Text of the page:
Sales jobs are all about results. You may be a fantastic communicator who enthrals clients at meetings, a highly knowledgable person who can answer the most complex medical or technical questions, and a dedicated employee who strives to be accurate and efficient at all times, but if you can’t close a deal and hit targets, you won’t have a successful sales career. The knowledge and presence to inform and persuade, the ability to keep yourself organised whilst working autonomously, and the confidence to close a sale, are all essential attributes for a successful sales career.

Field sales jobs are usually salaried positions with a commission structure attached. Sales executives are rewarded for results, so salaries may not be that high, but commission structures allow for the best sales people to earn a very good income. Field sales roles can be time intensive, and involve a good deal of mental and physical effort, but the effort can be worth it if you are keen to earn more and you enjoy the thrill of making a sale.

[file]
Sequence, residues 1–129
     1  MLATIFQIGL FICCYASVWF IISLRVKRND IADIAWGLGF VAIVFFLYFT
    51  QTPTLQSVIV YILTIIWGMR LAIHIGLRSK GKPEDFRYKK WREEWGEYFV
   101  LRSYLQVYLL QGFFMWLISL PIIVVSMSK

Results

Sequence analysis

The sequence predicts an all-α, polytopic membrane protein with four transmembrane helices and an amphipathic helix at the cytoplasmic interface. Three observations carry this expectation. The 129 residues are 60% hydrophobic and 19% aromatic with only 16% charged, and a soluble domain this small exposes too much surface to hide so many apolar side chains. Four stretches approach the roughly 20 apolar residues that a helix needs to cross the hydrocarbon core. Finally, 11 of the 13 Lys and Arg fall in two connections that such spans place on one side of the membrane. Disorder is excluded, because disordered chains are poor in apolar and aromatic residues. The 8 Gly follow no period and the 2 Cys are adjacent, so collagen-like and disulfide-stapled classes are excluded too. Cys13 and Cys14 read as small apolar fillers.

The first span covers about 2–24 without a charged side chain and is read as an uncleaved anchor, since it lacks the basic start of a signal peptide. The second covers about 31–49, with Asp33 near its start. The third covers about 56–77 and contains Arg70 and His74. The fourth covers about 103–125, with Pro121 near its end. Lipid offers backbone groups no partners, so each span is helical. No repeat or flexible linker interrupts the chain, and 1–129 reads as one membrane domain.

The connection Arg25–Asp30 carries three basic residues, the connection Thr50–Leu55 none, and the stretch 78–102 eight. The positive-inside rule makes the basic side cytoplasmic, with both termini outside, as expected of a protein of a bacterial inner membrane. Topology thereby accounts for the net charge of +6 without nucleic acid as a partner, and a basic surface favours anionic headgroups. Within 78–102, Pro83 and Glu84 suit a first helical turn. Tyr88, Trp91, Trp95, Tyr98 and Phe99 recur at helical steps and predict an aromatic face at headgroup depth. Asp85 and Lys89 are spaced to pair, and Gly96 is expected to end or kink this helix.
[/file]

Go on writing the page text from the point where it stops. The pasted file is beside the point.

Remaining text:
Business (B2B) or consumer (B2C) sales experience

 

Field sales involves selling to businesses, not consumers, so many product and equipment companies will look for business-to-business (B2B) sales experience in their potential employees. An advert may state a certain number of years of sales experience as the minimum requirement, and you may think you meet the criteria, but if your sales experience has been gained from a customer-facing role, it may not be a perfect match for some employers.

That isn’t to say that all consumer sales experience is irrelevant, but think carefully about how you present that information. If you’re applying for a sales role, sell your skills to potential employers with your CV. Don’t just mention that you had experience of selling treatments or products, say how good you were at selling with some details on your successes. If you always hit your targets, or were the top seller in your team, or made any other positive contributions that helped increase sales for your previous employers, say so, and give figures where possible. If an employer can see the signs of a good sales person, you may stand more of a chance of getting an interview.